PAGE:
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GEO 911 (2)

kviva las vegas.rtf

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GEO 911
Brad Mac Master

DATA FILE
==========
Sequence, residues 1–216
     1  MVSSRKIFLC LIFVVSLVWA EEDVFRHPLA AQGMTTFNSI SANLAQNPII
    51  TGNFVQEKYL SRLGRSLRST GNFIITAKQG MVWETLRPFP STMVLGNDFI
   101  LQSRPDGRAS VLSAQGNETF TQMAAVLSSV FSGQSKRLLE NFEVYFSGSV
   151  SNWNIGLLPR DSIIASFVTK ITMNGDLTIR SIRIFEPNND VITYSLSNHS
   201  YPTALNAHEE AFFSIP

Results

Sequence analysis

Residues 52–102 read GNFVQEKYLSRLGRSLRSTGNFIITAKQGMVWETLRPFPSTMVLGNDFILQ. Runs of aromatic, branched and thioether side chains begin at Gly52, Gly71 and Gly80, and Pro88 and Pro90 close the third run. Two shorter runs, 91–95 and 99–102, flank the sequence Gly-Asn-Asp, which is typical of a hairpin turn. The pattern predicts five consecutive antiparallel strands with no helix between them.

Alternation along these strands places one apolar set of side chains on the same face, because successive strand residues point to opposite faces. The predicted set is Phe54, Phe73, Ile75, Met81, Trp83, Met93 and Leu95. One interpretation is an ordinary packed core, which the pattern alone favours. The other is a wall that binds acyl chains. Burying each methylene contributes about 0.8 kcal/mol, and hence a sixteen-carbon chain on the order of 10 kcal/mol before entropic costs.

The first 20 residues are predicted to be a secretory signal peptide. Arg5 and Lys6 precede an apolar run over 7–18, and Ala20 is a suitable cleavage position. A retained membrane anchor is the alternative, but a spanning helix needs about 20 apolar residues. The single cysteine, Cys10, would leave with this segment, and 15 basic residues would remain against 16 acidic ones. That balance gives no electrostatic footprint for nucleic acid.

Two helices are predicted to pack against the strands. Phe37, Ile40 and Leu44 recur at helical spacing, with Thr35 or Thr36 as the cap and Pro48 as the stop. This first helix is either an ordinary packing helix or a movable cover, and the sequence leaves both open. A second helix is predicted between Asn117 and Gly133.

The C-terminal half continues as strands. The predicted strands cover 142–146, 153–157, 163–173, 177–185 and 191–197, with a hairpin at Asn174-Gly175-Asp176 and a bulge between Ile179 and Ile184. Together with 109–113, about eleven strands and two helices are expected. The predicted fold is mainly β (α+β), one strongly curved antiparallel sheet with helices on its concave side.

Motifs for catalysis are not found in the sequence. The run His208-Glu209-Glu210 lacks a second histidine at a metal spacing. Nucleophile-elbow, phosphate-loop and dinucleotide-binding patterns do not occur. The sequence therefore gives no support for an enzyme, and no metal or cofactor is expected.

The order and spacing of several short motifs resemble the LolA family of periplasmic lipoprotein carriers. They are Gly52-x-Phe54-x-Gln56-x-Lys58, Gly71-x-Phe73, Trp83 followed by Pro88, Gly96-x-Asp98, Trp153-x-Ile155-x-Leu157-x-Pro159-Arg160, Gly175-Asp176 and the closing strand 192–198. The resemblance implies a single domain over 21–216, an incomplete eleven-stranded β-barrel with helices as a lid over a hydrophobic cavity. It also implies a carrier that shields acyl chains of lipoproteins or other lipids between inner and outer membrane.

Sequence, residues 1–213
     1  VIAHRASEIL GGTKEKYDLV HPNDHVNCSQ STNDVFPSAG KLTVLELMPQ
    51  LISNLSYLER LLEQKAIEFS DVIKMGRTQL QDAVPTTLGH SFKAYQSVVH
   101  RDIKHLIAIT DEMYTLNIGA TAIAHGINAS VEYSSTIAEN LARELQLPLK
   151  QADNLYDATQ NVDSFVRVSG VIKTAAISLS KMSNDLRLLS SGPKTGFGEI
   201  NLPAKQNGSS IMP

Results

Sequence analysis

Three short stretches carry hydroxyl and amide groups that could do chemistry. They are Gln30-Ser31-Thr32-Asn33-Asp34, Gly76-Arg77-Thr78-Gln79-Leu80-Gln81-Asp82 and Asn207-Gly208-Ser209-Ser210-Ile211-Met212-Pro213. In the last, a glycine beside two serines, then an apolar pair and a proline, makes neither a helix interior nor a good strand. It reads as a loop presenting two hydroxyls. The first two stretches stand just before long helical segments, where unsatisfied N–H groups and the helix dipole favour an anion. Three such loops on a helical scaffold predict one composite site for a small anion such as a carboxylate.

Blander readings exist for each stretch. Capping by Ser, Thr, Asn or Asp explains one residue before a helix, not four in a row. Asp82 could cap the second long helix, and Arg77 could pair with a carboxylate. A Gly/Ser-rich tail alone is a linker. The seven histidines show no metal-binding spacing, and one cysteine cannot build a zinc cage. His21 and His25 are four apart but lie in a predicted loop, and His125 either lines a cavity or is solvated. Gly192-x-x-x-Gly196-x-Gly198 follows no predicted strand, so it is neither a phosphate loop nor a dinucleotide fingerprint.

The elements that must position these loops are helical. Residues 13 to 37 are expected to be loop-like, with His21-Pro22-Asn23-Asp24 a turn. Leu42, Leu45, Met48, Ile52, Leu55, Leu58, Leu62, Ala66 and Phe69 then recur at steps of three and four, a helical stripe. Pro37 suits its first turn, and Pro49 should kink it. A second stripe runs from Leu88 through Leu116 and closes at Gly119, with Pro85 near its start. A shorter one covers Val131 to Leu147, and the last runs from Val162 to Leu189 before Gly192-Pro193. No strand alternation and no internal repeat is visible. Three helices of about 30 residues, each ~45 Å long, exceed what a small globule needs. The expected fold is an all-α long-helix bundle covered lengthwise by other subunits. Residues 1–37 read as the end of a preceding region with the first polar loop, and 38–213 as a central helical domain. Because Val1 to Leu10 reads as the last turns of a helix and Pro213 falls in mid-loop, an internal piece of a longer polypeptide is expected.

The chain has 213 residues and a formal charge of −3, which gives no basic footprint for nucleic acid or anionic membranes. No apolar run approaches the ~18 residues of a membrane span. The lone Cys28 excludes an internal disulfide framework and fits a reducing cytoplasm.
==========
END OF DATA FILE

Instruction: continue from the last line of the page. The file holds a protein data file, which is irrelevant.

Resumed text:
Gated communities “Gated Communities are residential areas with restricted access in which normally public spaces are privatized. They are security developments with designated perimeters, usually walls or fences, and controlled entrances that are intended to prevent penetration by nonresidents. They include new developments and older areas retrofitted with gates and fences, and they are found from the inner cities to the exurbs and from the richest neighbourhoods to the poorest.” Estimated 1/3 gated communities are luxury developments, 1/3 are retirement orientated and 1/3 are middle class communities. In 1997 there were an estimated 20, 000 gated communities in U.s with more than 3 million housing units Estimated in 2000: 50 million americans (20 percent of population) lived in a gated community. Issue of privatization of general municipal services isolated from larger political system Private communities provide own security, screen maintenance, recreation amenities, parks, garbage pickup etc- taxpayers are relieved of these costs However the effect may be to reduce voter support for general tax programs additional services (e.g., schools, police) and for measures to address community problems Fraying of social contract: it isn't our problem Government by legal contract, not social contract. Balkanize urban areas into a patchwork of insular privately governed and public communities Blank walls, limited access, self contained; result; impoverished streetscapes and street vitality A residential area with roads that have gates to control the movement of traffic and people into and out of the area Gated communities can impact the local economy in several ways. The homes inside gated communities tend to retain their value better during market downturns. Along with the high- income residents who populate many gated communities, this can offer a tax boost to the municipalities that include gated communities. However, gated communities can also encourage economic inequality by creating a physical barrier between high- and low-income neighborhoods. The presence of a nearby gated community can actually cause home values outside the community to suffer by comparison. Covenants, Conditions and Restrictions Covenants, Codes and Restrictions (CC&Rs) are written by developer, but typically are only subject to change by a supermajority (2/3 of all owners, not just those who vote); complicated by seasonal residents and absentee owners who rent out their properties; change is often very difficult. CC&Rs are used by the developer to create a lifestyle image—often a key part of their promotion and marketing. The developer maintains effective control until 51 percent of units are sold; a reserve is set aside for the association expenses Written by Developer Covenants, conditions and restrictions. A document that controls the use, requirements and restrictions of a propert CC&R are used by the developer to create a lifestyle image often a key part of their promotion and marketing Typically are only subject to change by supermajority (2/3) Covenants, Conditions & Restrictions. These are rules set up for a particular association that govern anything from the type and size of the structures to be built, type of roofing allowed, fencing requirements, cutting of trees, and dues to be paid to association. CC&RS MAY: Restrict homeowner from posting a "for sale" sign on their yard prohibit door to door campaigning by candied and prohibit candidates' sign require specific levels of landscape care prohibit children from playing in the front yard( ban basket ball nets) Prohibit leaving cars parked in driveways overnight prohibit the flying of flags Jim Crow Laws: Origins of “Jim Crow” obscure Basically refers the laws and customs of segregation which dominated much of America from the early 1900s until the 1950s at least May 18, 1896: Supreme Court decision in Plessy v. Ferguson that inferior accommodations for blacks on railways did not constitute a violation of the Fourteenth Amendment’s equal protection clause— this opened the way for Jim Crow. Physical racial separation was not seen as necessary until the Jim Crow era since a social distance mechanism existed until the increase in mobility of Black Americans in the 1910-20 period. Sanctioned by law and custom racial segregation in schooling, housing, jobs, unions, public transportation, hospitals, orphanages, sports and recreation, churches, prisons, funeral homes and cemeteries; you name it and someone instituted it: curfew laws for blacks, separate brothels, separate drinking fountains, separate entrances, separate washrooms, separate elevators; in North Carolina and Florida school texts used by one race could not be used by the other In housing laws segregated blocks and neighbourhoods, designating all-White and all- Black areas; there were all sorts of specific means for accomplishing the goals; in some cases (e.g., in New Orleans) a person of either race had to get consent of the majority of persons in an area before being able to reside there, in others, there was no explicit legal sanction—the issue was simply one of ensuring one knew one’s place, enforced by threat and violence 1917: U.S. Supreme Court made racial zoning ordinances unenforceable (Buchanan v Warley), but this did not cover private agreements; the fallback position was the use of racially restrictive covenants which became the norm in real estate practice (they were in turn declared unenforcable in 1948) Black life in Las Vegas: 1920s: only 58 black residents, no restrictions on their patronage of business except for Block 16 brothels Jim Crow developed in 1930s; denial of business licenses, barring of blacks by businesses; denial of housing except in W
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